RALEIGH — A bill requiring North Carolina elementary school students to learn cursive handwriting and to memorize multiplication table continued to steamroll its way through the General Assembly on Wednesday with no opposition.
The state Senate Education Committee unanimously passed the “Back to Basics” bill, which would once again make cursive handwriting a part of the curriculum for the state’s public elementary schools. The State Board of Education would be expected to make sure that public schools provide instruction so that students create readable documents in cursive by the end of fifth grade and have memorized multiplication tables.
The bill, already unanimously approved by the state House, is scheduled to be voted on in the full Senate on Thursday. If approved, it would go into effect for the 2013-14 school year. School systems would be allowed to make accommodations for students with learning disabilities.
“For commonsensical reasons, I think there is overwhelming support for this bill,” said Sen. Austin Allran, a Catawba County Republican and the bill’s sponsor.
The bill has drawn some criticism from liberal groups that argue it’s a waste of time to require cursive instruction. South Carolina legislators are considering an identical “Back to Basics” bill.
“In their eagerness to drag the schools and children of their states back to the early 20th century, legislators in North Carolina and South Carolina want to mandate the teaching of cursive writing,” Diane Ravitch, a liberal education historian and commentator, wrote in her blog last week.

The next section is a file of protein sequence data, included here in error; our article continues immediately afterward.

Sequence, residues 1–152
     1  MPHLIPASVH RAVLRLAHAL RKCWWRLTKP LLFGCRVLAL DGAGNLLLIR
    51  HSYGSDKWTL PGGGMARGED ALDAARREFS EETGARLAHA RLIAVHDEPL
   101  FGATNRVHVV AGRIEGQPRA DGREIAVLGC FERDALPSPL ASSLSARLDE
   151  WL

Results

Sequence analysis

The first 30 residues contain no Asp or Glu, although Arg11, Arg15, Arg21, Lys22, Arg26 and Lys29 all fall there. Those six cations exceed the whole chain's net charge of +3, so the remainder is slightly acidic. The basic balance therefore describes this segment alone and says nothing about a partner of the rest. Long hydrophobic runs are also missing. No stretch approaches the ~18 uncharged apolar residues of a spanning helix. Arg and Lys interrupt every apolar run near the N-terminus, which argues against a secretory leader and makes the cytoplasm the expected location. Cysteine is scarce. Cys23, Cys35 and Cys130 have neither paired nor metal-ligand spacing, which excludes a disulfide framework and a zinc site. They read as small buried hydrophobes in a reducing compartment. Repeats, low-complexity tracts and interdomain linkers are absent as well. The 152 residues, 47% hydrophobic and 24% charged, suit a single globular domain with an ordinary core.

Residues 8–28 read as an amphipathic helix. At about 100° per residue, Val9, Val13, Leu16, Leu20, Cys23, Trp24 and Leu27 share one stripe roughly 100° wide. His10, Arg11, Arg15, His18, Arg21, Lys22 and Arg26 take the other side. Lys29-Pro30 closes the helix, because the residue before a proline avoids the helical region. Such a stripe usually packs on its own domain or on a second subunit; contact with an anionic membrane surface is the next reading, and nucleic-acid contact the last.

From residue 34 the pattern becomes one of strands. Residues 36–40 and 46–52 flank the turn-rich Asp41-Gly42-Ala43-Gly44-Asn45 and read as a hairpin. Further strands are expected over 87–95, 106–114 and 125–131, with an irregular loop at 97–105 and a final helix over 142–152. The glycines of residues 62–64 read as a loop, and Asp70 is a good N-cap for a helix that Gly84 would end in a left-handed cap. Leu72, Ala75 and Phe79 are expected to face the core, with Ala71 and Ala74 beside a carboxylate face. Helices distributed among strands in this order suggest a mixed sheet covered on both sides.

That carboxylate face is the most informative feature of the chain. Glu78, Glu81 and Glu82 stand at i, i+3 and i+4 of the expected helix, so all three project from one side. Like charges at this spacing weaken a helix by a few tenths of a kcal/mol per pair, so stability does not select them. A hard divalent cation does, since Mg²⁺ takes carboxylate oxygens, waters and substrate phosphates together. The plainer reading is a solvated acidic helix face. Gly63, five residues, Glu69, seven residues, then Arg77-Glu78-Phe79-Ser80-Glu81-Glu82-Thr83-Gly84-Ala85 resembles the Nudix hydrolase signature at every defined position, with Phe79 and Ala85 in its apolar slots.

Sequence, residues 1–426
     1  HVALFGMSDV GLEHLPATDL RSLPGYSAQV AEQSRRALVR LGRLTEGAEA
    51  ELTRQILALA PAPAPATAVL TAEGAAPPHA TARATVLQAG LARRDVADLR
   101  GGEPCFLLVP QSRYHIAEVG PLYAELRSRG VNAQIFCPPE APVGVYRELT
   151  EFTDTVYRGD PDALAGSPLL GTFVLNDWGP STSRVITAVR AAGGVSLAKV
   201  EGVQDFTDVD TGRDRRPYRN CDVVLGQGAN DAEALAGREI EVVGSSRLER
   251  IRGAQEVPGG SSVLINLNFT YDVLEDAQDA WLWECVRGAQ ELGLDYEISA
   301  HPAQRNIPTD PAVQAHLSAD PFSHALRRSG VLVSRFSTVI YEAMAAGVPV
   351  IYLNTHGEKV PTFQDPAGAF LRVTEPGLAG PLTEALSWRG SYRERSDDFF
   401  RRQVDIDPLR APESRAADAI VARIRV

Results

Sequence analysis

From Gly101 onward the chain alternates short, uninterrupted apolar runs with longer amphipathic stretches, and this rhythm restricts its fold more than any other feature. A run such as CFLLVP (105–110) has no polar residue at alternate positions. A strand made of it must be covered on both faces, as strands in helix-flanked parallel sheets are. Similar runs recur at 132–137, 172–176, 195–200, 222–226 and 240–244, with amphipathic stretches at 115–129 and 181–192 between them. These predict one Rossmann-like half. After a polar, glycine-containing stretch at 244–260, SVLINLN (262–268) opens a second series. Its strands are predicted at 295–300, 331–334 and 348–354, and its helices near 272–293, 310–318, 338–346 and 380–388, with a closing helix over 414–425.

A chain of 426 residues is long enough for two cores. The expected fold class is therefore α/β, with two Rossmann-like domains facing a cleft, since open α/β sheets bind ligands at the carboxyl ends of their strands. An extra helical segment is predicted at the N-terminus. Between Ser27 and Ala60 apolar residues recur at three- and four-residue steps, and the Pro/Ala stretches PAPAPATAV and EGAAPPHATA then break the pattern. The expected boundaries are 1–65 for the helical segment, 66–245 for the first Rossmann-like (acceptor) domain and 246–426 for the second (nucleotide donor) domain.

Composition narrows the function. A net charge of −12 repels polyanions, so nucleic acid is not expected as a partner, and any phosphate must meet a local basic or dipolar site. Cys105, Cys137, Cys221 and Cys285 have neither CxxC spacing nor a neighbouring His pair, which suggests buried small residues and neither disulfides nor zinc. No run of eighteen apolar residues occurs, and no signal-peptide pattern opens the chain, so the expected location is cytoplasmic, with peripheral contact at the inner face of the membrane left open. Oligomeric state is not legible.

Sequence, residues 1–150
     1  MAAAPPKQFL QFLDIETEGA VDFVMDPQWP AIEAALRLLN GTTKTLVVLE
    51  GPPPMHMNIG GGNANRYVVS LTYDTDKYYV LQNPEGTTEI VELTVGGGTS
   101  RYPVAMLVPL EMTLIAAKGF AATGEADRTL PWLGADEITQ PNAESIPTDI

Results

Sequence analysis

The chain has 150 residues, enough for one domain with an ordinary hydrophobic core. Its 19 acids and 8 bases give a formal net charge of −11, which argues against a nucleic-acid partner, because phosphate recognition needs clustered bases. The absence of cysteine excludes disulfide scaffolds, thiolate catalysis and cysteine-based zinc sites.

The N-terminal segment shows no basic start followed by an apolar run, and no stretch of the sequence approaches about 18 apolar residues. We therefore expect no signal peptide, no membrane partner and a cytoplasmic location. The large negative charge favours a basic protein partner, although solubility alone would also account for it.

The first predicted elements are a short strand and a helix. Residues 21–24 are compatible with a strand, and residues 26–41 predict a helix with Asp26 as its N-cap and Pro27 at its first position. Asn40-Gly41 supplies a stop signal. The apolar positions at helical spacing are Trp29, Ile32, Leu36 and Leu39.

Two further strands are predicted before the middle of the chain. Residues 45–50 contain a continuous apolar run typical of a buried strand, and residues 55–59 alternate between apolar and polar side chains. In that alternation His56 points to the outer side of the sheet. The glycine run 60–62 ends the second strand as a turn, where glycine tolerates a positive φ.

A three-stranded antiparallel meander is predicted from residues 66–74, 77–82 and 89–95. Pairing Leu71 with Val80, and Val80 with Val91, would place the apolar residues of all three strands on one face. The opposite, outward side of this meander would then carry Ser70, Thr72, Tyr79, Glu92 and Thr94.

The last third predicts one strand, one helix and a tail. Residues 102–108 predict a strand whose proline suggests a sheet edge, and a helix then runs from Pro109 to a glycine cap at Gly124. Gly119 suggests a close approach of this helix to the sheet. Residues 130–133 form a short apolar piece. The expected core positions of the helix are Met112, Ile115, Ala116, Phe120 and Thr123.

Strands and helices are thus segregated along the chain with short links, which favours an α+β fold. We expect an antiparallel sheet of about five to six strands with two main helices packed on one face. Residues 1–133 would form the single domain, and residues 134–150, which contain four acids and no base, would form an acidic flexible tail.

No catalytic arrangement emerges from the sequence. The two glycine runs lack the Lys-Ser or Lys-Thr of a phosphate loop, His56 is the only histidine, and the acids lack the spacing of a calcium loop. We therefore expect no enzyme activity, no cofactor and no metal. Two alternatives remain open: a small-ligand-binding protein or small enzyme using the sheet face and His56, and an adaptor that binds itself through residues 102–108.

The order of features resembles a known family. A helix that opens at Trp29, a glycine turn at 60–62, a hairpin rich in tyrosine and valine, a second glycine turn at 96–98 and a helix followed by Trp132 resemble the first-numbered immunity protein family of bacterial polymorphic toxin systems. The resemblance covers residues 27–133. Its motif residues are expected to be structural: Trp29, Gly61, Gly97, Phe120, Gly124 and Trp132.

But supporters of the bill say learning cursive will help children with their brain activity, motor skills and self-discipline.
Traditionalists have for years bemoaned the lack of attention cursive has been getting in North Carolina public schools, even though it was officially part of the curriculum in third through fifth grades.
But this school year, cursive supporters became more upset when North Carolina became one of 45 states to implement the “Common Core” standards in language arts and mathematics. Common Core – aimed at providing uniformity in what’s being taught in classrooms nationally – doesn’t mention cursive.
Individual school districts currently decide whether to teach cursive.
The backlash over the lack of cursive in Common Core has resulted in the reinstituting of cursive as a requirement in California, Georgia, Idaho and Massachusetts.